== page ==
INTERVIEW: Girl From Winter Jargon | NARC. | Reliably Informed | Music and Creative Arts News for Newcastle and the North East

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Multi-instrumentalist and loop queen, Girl From Winter Jargon launches her new single Without Apology this month, and performs at a charity event in support of MIND at Stockton’s Green Room on Saturday 10th August.

When I first saw Rachel (the Girl herself) live, she was playing a cover of the brilliantly macabre Letter To Daddy from sinister 1962 film Whatever Happened to Baby Jane? Whilst the cover may now be omitted from her set, her use of polyphonic vocals and intriguing guitar style made it an ingenious performance that also acted as an introduction to her inimitable cabaret-meets-grunge-meets-neoclassical style. Whilst mainly known for her live performances and using a multitude of effects, she’s managed to carve a niche for herself as an engaging live solo performer, which is no small feat, and it’s her skills as a clarinet player and arranger that can be fully heard on the new single.

The musical seclusion of County Durham might add a lot to her unique sound; both in time and composition, Without Apology runs the gamut of musical influences and styles that have been left to meander without intrusion from outside scenes or trends. It stands for and by itself, an introspective take on personal experience inside a catchy, upbeat and sprawling arrangement of guitar and clarinet.

Without Apology is mostly about inner conflict. It’s about addressing your fears and willing yourself to be braver than you actually are

On explaining her intricate multi-layered approach to writing and recording she says: “Having absolute control over every single aspect of a song is in itself very satisfying! I’ll often ‘hear’ all the parts of a song in my head first, so it’s case of figuring out ways to ‘translate’ the arrangement via instruments. When you get to hear everything properly and completely in sync for the first time outside your head it’s an amazing feeling, but it’s not always an exact science; things won’t always sound the same, or a part might be too difficult for me to play so I’ll have to actually knuckle down and learn how to play it.”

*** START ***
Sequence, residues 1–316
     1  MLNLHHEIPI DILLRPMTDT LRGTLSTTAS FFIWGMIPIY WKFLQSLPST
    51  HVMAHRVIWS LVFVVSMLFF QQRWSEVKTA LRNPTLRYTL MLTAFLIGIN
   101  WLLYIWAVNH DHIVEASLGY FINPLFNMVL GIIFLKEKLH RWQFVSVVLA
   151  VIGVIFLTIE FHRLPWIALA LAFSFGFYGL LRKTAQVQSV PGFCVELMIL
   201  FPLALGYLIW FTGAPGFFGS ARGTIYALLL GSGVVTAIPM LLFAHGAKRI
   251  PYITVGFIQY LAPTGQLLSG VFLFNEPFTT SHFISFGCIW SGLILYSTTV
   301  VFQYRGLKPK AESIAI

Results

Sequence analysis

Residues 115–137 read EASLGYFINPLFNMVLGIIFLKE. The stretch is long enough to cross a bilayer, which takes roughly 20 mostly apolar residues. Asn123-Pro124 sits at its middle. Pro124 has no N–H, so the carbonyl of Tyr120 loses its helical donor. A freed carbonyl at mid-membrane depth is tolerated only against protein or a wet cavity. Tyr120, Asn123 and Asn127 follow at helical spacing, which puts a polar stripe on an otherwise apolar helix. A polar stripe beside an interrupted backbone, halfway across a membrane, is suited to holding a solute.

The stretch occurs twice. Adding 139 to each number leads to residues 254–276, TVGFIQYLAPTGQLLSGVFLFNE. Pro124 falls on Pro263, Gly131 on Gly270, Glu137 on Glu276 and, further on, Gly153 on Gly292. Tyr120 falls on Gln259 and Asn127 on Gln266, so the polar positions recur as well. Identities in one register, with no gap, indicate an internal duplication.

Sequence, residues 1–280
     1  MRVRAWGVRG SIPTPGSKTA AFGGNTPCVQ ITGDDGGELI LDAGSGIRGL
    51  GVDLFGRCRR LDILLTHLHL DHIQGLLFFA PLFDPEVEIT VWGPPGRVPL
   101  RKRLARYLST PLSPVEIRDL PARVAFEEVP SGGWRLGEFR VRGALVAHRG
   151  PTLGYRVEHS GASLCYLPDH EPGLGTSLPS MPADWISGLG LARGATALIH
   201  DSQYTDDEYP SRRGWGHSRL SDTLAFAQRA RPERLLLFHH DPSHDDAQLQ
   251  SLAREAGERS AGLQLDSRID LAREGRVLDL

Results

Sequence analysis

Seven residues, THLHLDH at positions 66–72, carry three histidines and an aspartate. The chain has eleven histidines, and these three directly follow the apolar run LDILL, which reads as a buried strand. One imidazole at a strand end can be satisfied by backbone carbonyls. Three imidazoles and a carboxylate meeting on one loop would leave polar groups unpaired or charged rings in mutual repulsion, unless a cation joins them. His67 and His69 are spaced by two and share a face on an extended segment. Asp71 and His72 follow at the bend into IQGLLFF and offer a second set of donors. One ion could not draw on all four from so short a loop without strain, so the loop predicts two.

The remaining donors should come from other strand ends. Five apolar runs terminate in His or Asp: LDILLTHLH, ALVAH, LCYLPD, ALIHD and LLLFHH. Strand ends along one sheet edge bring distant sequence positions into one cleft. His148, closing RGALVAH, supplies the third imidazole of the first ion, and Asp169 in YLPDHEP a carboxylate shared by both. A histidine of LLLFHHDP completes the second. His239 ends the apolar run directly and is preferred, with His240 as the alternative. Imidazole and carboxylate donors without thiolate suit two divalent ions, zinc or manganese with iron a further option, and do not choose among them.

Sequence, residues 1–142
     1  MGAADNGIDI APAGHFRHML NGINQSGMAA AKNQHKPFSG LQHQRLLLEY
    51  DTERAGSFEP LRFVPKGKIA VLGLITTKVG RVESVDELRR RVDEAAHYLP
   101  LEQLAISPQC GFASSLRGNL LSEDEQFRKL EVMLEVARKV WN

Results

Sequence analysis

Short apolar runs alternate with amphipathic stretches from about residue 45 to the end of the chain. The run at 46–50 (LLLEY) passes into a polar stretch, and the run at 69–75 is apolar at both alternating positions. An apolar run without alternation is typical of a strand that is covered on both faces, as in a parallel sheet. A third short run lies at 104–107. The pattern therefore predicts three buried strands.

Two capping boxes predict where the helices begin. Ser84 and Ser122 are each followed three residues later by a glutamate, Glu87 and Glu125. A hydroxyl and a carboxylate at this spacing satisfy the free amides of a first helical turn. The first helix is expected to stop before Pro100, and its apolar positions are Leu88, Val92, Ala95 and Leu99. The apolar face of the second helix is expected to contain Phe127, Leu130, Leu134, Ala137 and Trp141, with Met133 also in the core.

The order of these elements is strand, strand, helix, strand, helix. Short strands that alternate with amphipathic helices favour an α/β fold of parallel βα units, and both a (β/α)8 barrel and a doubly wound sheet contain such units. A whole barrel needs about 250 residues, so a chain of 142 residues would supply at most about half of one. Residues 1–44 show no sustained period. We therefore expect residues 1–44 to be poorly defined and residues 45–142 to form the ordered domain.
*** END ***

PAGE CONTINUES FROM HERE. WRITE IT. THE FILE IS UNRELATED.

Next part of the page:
Without Apology is an impressive and intricately organised track, weaving between idiosyncratic bell-like layered guitars alongside the surprising addition of some slap bass. “I love playing bass in the slap n’ pop style. You can hear a tiny bit of it in verse two. It’s quite subtle, but it’s there.” The final delivery arrives in the form of the climatic vocal and clarinet polyphony; rounds that urge the listener to discern each melody as they interweave. With the lyrics ranging from the sardonic and satirical to the contemplative, she describes it as a little note to yourself, of being brave in the face of uncertainty. “Without Apology is mostly about inner conflict. It’s about addressing your fears and willing yourself to be braver than you actually are.”

 

 

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